Monday, March 7, 2011

thirteen lundi gras past...

It was another moment of free fall. That position you find yourself in right after you take that leap into the unknown, and just before you discover where you will land.

I left behind the horror of Keith’s death and the failure of a rebound relationship to spend several months of my life rediscovering what it meant to be just Robert. But there was pain in the seed that I had planted and despite what I believed about myself I grew distant and unconnected from the world and the feelings that stirred in the pits of my existence.

There’s always that one Mardi Gras where you and your friends are the gang that rules. Well, that year was our turn. After patiently waiting and grooming ourselves to be senior party girls, we were ready to take on the responsibility of the funnest, the loudest, the last standing turn the lights off when you leave queens.

Now, I loved going on dates, but rarely did they turn out to be anything more than a prelude to later acts of dodging and hiding from perpetrators of boring conversations and unwelcome advances. No, I’ll admit to more than my fair share of chance encounters to keep me entertained in those days. But it was exhausting. And it drained me emotionally even further than I already was.

I remember waking up early that Fat Tuesday. I dressed quickly and headed towards Elysian Fields, and the apartment where my friends were awaiting my arrival. The sun was peering over the tops of the oak trees and I could see a woman sitting on her stoop just ahead of me. She was in a chair, leaning back, with a leather mini skirt and fishnet stockings caressing her legs which were stretched out on the wrought iron handrail.

“Good morning. Happy Mardi Gras.”

She smiled, cocked open her legs and I clearly realized, as she was wearing no underwear, that she was more of a man than I ever would be.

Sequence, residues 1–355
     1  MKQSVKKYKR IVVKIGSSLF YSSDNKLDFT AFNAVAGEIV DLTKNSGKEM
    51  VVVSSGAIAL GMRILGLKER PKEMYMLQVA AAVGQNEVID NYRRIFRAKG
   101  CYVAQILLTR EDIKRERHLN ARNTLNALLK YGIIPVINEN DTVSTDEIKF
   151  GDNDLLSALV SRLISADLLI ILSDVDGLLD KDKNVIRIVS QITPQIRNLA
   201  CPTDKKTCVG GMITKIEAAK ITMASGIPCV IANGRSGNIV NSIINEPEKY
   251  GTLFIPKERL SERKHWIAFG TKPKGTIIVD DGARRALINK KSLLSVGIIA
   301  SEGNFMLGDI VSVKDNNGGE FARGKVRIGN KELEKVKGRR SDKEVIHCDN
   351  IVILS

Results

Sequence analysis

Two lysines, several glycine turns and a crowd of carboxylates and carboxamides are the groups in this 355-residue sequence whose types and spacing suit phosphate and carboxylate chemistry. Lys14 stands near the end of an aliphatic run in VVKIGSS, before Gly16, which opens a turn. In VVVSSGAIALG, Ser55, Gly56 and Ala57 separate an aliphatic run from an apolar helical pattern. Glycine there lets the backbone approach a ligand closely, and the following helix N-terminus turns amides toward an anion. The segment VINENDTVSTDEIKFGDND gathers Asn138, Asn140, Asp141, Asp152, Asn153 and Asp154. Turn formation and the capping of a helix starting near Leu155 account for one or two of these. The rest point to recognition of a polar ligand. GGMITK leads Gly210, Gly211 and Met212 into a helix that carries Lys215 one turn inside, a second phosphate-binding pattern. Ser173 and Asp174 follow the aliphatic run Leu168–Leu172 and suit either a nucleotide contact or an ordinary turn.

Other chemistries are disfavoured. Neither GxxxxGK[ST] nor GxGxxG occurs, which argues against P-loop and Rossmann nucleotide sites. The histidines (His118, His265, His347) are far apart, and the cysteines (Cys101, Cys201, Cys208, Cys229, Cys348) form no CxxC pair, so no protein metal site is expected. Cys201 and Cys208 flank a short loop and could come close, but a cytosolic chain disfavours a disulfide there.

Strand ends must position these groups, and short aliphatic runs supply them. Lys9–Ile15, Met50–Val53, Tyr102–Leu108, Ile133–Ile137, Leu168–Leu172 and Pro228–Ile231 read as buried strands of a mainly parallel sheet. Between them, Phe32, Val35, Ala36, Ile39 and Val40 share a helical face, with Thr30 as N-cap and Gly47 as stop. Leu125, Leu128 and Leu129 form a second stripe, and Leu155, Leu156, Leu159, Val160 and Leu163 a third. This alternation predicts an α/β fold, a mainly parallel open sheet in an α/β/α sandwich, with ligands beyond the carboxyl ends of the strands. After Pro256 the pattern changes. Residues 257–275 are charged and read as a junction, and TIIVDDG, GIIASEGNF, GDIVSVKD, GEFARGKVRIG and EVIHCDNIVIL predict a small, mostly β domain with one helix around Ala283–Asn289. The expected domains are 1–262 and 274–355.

Happy Mardi Gras indeed.

I’m not going to bore you with the details of the day. How can you put properly confine the image of Dorothy and Glinda dancing in silver confetti, the man with the beard and the hole in the jeans, the leather harness, the eternal flame of CafĂ© Lafitte in Exile, and the many trips to the apartment to freshen ourselves up for the next round of madness.

But late in the evening I reached a point where I could no longer tolerate the shallowness of my own actions. Not clarity, but a drug induced epiphany convinced me that I wanted more in my life, and I promised that the next decent guy who asked me out would be given a proper chance to get to know me. The real me, who was lurking just below the surface of my soul, begging to be released.

So, I decided to wrap myself up, turn in the keys to the party and head home. Of course, isn’t that just when it happens?

“Hey, boy.”

Those were the first two words that Scott said to me. I ignored him. He called out to me again, and this time I stopped.

I gave him a Mardi Gras kiss and he told me he had to go down the street to another bar with his friends, but he would come back to find me in just a minute. I had heard this story so many times before, but something, something inside of me remembered what I had just promised myself, and I snatched off my pinky ring, slipped it onto his finger and told him:

“Now you have to come back, that’s my favorite ring I just gave you.”

“I’ll be back in fifteen minutes.”

Ninety minutes later I was standing there, no ring, no Scott and all of my friends telling me how stupid I was to ‘give that boy your ring.”

Now, I don’t know if you’ve ever been on Bourbon Street during Mardi Gras, but it’s easier to find a three legged whore in a convent than it is to locate someone in that sea of people. But I jumped in and walked right up behind him and demanded that he give me my ring back. He turned around and told me:

“No. Now you have to stay with me.”

And I have.

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